Cheers to Rep. Hensarling for the Financial Choice Act

It is not often that written commentary praises the efforts of elected officials. When such praise is warranted, it should be given. The efforts of Rep. Jeb Hensarling (R-TX), Chairman of the House Financial Services Committee, deserve the highest praise. Outside of Obamacare, perhaps the most economically destructive major legislative act of the Barack Obama presidency was the passage of the Dodd-Frank Act. Rep. Hensarling is to be commended for getting the Financial Choice Act, which greatly reforms the legislation, passed through committee.

One key provision of the Financial Choice Act eliminates the worst part of Dodd-Frank, namely the unaccountable nature of the Consumer Financial Protection Bureau. This government agency with limitless regulatory authority over financial services industries, created that way by design, nearly eliminated from existence whole financial industries that provide much needed services to consumers. Ten of millions of under-banked consumers would have been denied access to credit services if the CFPB had succeeded in regulating out of existence small-dollar lenders that offer credit products like payday loans. The CFPB was also part of the effort that tried to deny banking services to firearms dealers. The Financial Choice Act reforms the CFPB by making it accountable to our elected officials.

Rep. Hensarling’s bill also repeals the Durbin Amendment, key provision of Dodd-Frank included as a crony reward for big box retailers who donated to politicians like Sen. Dick Durbin (D-IL), which created artificially low interchange fees on debit card transactions.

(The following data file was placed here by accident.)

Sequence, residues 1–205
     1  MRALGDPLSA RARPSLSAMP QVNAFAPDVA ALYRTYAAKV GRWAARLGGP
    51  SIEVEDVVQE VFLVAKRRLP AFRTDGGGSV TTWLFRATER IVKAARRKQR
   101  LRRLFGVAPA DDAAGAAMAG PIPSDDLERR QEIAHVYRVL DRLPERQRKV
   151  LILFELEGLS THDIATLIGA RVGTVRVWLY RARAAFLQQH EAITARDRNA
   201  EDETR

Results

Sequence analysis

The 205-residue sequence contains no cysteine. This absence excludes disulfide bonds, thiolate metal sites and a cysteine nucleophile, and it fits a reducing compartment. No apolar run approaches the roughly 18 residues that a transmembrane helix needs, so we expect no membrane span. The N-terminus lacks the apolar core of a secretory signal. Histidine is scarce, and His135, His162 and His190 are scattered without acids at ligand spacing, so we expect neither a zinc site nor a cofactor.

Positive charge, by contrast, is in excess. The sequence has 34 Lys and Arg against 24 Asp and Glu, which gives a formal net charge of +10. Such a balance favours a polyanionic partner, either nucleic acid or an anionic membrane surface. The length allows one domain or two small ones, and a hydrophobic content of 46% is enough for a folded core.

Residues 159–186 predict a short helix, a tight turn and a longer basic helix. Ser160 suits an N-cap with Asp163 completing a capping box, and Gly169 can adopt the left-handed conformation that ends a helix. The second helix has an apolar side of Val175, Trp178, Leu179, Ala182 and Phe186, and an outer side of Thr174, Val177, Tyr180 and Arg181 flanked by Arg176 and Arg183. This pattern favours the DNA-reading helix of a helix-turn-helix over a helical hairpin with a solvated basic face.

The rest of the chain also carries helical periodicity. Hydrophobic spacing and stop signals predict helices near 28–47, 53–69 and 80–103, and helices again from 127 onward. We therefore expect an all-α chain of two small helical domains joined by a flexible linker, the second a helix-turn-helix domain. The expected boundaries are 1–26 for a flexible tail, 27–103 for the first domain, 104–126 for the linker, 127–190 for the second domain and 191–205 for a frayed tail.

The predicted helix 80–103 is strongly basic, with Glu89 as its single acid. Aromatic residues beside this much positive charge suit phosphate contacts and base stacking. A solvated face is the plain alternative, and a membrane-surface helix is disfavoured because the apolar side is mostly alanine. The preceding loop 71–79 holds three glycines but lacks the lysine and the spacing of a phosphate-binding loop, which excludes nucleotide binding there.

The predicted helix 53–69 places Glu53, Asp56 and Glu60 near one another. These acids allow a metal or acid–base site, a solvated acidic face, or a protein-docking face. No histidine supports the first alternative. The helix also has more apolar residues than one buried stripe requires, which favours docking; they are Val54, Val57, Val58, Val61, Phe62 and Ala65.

The CEO of Walgreens went to Sen. Dick Durbin about this issue and got more than a sympathetic ear — they got a champion for their cause. Mr. Durbin went to the Senate floor crying crocodile tears about the costs interchange fees were imposing on their businesses. “I had the CEO of Walgreens contact me last week,” Durbin said, “and he told me that when they look at the expenses of Walgreens…it turns out the fees that Walgreens pays to credit card companies is the fourth largest item of cost for their business.” It is no coincidence that Walgreens is based out of Durbin’s home state of Illinois and is a major donor to Durbin’s campaigns.

The interchange fees retailers complained about were on average 1.15 percent per transaction. Retailers have profited greatly from the widespread usage of debit cards by consumers . Supporters of the Durbin Amendment claimed this price control would lower retail prices, but a study from the George Mason University law school refutes this claim. A Federal Reserve study also echoed that, showing that few merchants reduced prices after the Durbin Amendment was passed into law.